A few weeks after we learned the not so promising prognosis and just before he began what would be a hellish regimen of chemotherapy and radiation, Mom and I hung 50 Healthy Marty posters all over the house, the yard, the garden…anywhere he might turn, he’d be faced with a goofy smiling yellow Marty. It was like a protective shield around him.  We giggled like children when he came out of the house and looked around. He shushed us at first, a little embarrassed by the ridiculous attention.  And then he joined in.  We sat out in the heavy heat of late summer in Missouri and looked at the Healthy Marty’s dancing in the wind.  It felt strangely celebratory and cathartic.

That night, I drove home through the fields of hay, back to the stone walls of academia not far down the road, spent.  I was ready to sleep through the night again.  And as I drove, windows down, wind whipping, I whispered it to the world over and over again.

My dad has cancer.

And so far, we are still laughing.

 

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Driving with Dad

 

I was never a daddy’s girl. My dad didn’t treat me like a princess, or even an expensive doll, and I refused to act like one.  He talked to me like he’d talk to anyone else, straightforward, with a slow Midwestern drawl.  He was, and still is, a great storyteller. His stories would meander with a rhythmic flow, illustrated with specific details—what someone was wearing, what they drove–and then suddenly, cut straight to the punchline.

 

There are a variety of reasons why I wasn’t a Daddy’s girl. First off, my father didn’t go in for the clichés; his way of connecting to his daughters was to share knowledge. It might be how to plant green beans or properly and thoroughly sweep the sidewalks, but he had a method for everything and that was his gift to us. While I appreciated not being treated like a porcelain doll, in my own quiet way, I wanted to do it myself.  As a child, and even today as an adult, I often find the best way to beat being afraid of something is to do it anyway. As a kid that was scared of everything unknown, this was a feat unto itself.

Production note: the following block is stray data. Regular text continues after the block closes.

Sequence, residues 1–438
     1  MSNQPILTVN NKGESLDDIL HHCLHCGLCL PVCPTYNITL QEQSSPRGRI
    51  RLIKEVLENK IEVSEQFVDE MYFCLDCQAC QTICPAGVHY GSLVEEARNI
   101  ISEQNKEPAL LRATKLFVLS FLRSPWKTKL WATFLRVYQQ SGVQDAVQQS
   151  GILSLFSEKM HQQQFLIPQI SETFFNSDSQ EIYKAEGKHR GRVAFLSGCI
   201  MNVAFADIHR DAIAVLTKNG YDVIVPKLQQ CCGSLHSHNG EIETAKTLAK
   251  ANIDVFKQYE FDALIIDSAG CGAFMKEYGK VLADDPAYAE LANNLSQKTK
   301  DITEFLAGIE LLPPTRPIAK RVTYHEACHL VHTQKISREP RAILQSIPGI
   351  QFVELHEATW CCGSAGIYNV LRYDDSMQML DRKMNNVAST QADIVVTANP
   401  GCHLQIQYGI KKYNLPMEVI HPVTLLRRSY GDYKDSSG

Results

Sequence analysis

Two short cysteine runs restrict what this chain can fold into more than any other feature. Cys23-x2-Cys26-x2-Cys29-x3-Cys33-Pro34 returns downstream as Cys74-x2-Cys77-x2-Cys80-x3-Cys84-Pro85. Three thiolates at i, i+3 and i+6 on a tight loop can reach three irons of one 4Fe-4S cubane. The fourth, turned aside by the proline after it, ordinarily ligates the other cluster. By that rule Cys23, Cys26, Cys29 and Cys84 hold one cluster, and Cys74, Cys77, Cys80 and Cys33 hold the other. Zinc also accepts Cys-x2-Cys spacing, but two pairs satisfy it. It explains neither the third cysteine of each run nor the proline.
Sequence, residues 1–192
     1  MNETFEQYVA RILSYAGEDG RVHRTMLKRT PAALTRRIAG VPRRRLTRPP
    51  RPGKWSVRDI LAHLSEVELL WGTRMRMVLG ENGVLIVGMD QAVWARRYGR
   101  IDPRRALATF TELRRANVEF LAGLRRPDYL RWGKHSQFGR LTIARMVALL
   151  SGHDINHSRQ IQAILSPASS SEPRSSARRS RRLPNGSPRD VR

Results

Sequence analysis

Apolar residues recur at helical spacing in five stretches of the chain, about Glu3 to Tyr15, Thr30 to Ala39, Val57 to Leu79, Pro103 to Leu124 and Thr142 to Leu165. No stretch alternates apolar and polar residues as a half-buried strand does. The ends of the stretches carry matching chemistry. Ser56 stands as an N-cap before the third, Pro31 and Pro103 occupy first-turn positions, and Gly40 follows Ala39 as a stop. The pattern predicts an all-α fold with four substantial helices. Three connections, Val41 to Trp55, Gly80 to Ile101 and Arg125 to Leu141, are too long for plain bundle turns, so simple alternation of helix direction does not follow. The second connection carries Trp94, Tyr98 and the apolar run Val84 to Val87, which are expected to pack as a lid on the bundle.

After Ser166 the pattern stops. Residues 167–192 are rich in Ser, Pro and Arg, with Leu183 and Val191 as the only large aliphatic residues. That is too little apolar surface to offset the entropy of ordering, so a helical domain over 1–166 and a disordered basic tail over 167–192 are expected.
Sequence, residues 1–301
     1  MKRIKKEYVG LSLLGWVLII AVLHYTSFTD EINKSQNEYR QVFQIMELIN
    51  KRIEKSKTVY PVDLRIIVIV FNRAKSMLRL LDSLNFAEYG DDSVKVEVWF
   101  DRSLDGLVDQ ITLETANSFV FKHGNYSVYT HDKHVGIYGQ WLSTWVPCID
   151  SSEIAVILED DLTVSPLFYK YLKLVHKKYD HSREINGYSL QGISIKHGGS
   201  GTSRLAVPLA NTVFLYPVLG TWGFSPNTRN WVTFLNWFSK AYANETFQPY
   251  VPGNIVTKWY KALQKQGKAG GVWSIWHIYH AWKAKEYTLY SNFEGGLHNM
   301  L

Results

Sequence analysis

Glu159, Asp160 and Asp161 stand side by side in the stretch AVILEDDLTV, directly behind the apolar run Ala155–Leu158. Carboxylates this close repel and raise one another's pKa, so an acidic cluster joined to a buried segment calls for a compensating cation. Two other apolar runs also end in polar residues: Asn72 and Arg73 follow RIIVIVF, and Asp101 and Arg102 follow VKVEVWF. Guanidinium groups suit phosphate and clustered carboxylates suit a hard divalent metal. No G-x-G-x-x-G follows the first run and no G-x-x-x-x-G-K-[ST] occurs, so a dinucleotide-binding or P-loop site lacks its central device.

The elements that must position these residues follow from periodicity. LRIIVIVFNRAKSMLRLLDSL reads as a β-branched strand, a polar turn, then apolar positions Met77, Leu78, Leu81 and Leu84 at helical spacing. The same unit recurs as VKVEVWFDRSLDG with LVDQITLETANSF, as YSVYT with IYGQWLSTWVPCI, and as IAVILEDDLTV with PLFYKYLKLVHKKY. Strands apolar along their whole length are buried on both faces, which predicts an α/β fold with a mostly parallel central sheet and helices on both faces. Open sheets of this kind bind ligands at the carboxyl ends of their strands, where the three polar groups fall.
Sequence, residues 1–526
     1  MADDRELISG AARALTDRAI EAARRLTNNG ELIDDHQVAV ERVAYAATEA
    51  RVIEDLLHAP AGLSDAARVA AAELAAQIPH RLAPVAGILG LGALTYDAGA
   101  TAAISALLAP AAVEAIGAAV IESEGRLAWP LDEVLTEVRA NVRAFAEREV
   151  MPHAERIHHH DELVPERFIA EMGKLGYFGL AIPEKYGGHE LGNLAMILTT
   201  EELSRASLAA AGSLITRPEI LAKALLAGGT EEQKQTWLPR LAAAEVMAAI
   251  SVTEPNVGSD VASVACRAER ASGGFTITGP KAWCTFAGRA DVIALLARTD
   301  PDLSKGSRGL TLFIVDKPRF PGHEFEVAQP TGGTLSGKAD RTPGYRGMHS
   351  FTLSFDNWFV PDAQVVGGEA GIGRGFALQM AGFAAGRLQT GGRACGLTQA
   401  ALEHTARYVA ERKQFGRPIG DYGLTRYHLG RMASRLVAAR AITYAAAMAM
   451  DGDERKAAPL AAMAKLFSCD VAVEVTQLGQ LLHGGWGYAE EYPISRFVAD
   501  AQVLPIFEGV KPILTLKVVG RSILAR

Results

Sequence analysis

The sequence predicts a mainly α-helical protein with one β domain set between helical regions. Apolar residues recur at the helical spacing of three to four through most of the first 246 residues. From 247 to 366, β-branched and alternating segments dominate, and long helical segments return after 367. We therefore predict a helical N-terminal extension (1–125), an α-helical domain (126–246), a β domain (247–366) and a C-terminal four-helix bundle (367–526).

This independence clearly rubbed against my father’s way of caring for me. Really, it rubbed against his deep-seated fear that I would suffer a hurt that he couldn’t fix. I was a difficult teenager, not because I experimented with drugs or got poor grades. No, I simply didn’t take his advice. I can hear my father’s plaintive yell echo in my head “You never listen.”  I never really understood what the big deal was—if you told me not to jump off a cliff because there were rocks at the bottom, I’d figure out how to do it anyway, just to find out.  It wasn’t spite, it was the spirit of facing the challenge.  In my self-centered teenaged world, I couldn’t fathom why it would make any difference to anyone else whether I tried and failed or not. My dad, however, was imagining my broken body at the bottom of the cliff, the horrific tragedy that could be around any corner and my unwillingness to listen was infuriating.

 

I feel pretty confident that everyone in my family recollects the years I was in high school as one long, tense argument. My dad wanted to show me the way and I was pointedly taking my own route. There were times in my adolescent years when my family and I were able to table that mutual exasperation for one another.  My mother and I would take long walks.  My sister and I usually managed to digest whatever disagreement we were having while baking.  But perhaps the most pivotal time for me was driving with my dad.

 

Aforementioned independent streak might have something to do with my obsession with having my own wheels (or at least being able to borrow them on occasion).  I took the permit test the moment I was able, passed, and was ready to learn.  My mother couldn’t stomach the process. She’d white-knuckle the door handle and gasp dramatically when I turned a corner.  The job then fell to my father.